process is a result of systemd operation (e.g. service stop or
           restart), the service will not be restarted. Timeouts include
           missing the watchdog "keep-alive ping" deadline and a service
           start, reload, and stop operation timeouts.

           Takes one of no, on-success, on-failure, on-watchdog, on-abort, or
           always. If set to no (the default), the service will not be
           restarted. If set to on-success, it will be restarted only when the
           service process exits cleanly. In this context, a clean exit means
           an exit code of 0, or one of the signals SIGHUP, SIGINT, SIGTERM,
           or SIGPIPE, and additionally, exit statuses and signals specified
           in SuccessExitStatus=. If set to on-failure, the service will be
           restarted when the process exits with a non-zero exit code, is
           terminated by a signal (including on core dump), when an operation
           (such as service reload) times out, and when the configured
           watchdog timeout is triggered. If set to on-abort, the service will
           be restarted only if the service process exits due to an uncaught
           signal not specified as a clean exit status. If set to on-watchdog,
           the service will be restarted only if the watchdog timeout for the
           service expires. If set to always, the service will be restarted
           regardless of whether it exited cleanly or not, got terminated
           abnormally by a signal, or hit a timeout.

           In addition to the above settings, the service will not be
           restarted if the exit code or signal is specified in
           RestartPreventExitStatus= (see below).

       SuccessExitStatus=
           Takes a list of exit status definitions that when returned by the
           main service process will be considered successful termination, in
           addition to the normal successful exit code 0 and the signals
           SIGHUP, SIGINT, SIGTERM, and SIGPIPE. Exit status definitions can
           either be numeric exit codes or termination signal names, separated
           by spaces. For example:

               SuccessExitStatus=1 2 8 SIGKILL

           ensures that exit codes 1, 2, 8 and the termination signal SIGKILL
           are considered clean service terminations.

           Note that if a process has a signal handler installed and exits by
           calling _exit(2) in response to a signal, the information about the
           signal is lost. Programs should instead perform cleanup and kill
           themselves with the same signal instead. See Proper handling of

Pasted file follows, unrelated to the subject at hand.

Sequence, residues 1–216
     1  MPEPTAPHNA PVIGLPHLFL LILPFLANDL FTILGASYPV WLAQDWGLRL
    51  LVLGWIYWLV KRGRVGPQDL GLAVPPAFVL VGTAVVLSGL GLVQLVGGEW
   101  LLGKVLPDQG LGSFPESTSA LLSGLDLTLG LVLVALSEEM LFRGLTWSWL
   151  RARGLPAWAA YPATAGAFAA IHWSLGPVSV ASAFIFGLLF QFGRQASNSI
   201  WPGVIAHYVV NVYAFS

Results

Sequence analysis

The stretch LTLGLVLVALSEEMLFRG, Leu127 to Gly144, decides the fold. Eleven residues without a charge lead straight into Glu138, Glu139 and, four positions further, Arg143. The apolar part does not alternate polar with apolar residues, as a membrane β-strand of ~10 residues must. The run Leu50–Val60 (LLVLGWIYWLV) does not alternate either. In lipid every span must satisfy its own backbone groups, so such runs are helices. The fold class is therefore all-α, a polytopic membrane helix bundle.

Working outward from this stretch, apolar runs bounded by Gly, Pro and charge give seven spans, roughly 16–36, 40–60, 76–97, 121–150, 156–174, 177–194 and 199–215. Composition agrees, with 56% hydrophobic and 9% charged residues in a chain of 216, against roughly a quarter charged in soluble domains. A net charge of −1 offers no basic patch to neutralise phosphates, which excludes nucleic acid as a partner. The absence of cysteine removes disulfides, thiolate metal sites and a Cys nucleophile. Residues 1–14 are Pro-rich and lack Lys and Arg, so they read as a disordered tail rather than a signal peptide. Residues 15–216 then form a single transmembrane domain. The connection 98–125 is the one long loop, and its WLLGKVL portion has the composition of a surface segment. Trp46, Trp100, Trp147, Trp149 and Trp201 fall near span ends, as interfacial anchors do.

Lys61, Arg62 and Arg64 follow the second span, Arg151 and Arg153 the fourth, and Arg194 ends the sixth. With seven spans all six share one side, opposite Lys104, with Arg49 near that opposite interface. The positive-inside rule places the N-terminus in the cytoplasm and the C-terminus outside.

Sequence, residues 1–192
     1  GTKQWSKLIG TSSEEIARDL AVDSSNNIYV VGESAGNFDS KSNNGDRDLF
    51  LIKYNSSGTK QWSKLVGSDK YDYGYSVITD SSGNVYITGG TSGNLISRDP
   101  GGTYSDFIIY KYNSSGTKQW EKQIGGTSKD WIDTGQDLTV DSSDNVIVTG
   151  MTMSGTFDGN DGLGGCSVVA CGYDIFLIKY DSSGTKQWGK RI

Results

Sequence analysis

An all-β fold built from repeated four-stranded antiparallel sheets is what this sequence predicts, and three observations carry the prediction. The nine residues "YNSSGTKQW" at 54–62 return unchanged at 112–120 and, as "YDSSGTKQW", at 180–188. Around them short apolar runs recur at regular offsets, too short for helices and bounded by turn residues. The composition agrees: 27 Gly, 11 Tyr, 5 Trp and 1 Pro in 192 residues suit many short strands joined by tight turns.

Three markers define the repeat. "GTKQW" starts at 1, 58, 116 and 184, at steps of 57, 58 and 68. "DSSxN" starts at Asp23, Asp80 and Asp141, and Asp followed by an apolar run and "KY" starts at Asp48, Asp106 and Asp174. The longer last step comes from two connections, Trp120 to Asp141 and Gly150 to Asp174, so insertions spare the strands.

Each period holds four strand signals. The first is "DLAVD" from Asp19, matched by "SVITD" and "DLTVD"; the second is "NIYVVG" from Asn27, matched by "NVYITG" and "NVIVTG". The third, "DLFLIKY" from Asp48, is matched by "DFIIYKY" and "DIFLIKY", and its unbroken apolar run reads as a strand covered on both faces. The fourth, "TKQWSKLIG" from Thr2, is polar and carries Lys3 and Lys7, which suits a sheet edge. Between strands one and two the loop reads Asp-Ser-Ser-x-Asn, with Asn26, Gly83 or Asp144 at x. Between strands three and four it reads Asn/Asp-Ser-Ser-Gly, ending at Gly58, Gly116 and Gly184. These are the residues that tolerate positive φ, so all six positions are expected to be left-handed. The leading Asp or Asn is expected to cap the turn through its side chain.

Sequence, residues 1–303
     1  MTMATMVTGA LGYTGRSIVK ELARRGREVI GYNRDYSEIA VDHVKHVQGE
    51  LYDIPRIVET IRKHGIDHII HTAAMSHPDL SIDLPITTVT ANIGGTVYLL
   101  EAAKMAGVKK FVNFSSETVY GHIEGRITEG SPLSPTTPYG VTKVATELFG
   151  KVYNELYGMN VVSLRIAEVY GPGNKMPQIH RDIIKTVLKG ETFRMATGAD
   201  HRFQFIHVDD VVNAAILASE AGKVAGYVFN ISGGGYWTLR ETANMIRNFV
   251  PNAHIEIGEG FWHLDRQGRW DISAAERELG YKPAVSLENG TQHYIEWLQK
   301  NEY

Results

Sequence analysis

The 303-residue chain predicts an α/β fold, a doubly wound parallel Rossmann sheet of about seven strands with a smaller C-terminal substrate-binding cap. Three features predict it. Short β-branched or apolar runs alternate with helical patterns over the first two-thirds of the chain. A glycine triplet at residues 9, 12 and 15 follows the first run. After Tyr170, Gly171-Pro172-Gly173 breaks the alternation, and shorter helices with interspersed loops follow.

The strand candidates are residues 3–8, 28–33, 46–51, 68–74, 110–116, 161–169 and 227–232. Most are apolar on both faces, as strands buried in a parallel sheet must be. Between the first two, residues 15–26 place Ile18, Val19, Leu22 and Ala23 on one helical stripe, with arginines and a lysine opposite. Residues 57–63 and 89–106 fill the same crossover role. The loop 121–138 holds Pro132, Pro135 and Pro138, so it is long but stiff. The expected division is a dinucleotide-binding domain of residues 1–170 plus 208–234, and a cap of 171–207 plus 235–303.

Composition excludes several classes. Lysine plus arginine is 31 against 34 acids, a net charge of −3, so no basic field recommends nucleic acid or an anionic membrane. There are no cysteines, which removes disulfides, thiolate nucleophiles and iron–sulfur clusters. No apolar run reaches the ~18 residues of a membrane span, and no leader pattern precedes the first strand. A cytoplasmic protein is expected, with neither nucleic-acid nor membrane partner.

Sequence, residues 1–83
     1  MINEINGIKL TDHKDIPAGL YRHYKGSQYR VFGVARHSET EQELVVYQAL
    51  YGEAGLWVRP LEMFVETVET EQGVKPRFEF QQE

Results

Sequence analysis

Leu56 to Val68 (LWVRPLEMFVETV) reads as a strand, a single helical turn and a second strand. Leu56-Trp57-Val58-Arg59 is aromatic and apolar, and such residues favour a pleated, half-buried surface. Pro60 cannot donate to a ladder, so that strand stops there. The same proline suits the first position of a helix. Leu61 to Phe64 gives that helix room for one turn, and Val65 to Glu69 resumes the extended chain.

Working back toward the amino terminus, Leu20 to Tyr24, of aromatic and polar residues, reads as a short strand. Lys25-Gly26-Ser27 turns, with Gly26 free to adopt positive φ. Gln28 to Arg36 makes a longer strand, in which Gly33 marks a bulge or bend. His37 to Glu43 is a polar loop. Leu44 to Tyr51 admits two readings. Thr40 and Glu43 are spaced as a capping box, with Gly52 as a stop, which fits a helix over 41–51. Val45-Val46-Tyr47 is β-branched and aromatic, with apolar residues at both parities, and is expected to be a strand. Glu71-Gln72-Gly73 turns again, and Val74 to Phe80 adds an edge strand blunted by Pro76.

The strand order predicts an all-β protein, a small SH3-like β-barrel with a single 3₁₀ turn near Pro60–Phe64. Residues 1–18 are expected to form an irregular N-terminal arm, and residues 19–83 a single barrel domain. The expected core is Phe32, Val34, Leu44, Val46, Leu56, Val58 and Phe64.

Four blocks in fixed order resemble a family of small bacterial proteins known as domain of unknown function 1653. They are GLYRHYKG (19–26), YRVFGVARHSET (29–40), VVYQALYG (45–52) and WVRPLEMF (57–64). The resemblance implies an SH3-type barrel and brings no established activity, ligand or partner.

This option may appear more than once, in which case the list of
           successful exit statuses is merged. If the empty string is assigned
           to this option, the list is reset, all prior assignments of this
           option will have no effect.

       RestartPreventExitStatus=
           Takes a list of exit status definitions that when returned by the
           main service process will prevent automatic service restarts,
           regardless of the restart setting configured with Restart=. Exit
           status definitions can either be numeric exit codes or termination
           signal names, and are separated by spaces. Defaults to the empty
           list, so that, by default, no exit status is excluded from the
           configured restart logic. Example: "RestartPreventExitStatus=1 6
           SIGABRT", ensures that exit codes 1 and 6 and the termination
           signal SIGABRT will not result in automatic service restarting.
           This option may appear more than once, in which case the list of
           restart-preventing statuses is merged. If the empty string is
           assigned to this option, the list is reset and all prior
           assignments of this option will have no effect.

       PermissionsStartOnly=
           Takes a boolean argument. If true, the permission-related execution
           options, as configured with User= and similar options (see
           systemd.exec(5) for more information), are only applied to the
           process started with ExecStart=, and not to the various other
           ExecStartPre=, ExecStartPost=, ExecReload=, ExecStop=, and
           ExecStopPost= commands. If false, the setting is applied to all
           configured commands the same way. Defaults to false.

       RootDirectoryStartOnly=
           Takes a boolean argument. If true, the root directory, as
           configured with the RootDirectory= option (see systemd.exec(5) for
           more information), is only applied to the process started with
           ExecStart=, and not to the various other ExecStartPre=,
           ExecStartPost=, ExecReload=, ExecStop=, and ExecStopPost= commands.
           If false, the setting is applied to all configured commands the
           same way. Defaults to false.

       NonBlocking=
           Set the O_NONBLOCK flag for all file descriptors passed via
           socket-based activation. If true, all file descriptors >= 3 (i.e.
           all except stdin, stdout, and stderr) will have the O_NONBLOCK flag
           set and hence are in non-blocking mode. This option is only useful
           in conjunction with a socket unit, as described in
           systemd.socket(5). Defaults to false.

       NotifyAccess=
           Controls access to the service status notification socket, as
           accessible via the sd_notify(3) call. Takes one of none (the
           default), main or all. If none, no daemon status updates are
           accepted from the service processes, all status update messages are
           ignored. If main, only service updates sent from the main process
           of the service are accepted. If all, all services updates from all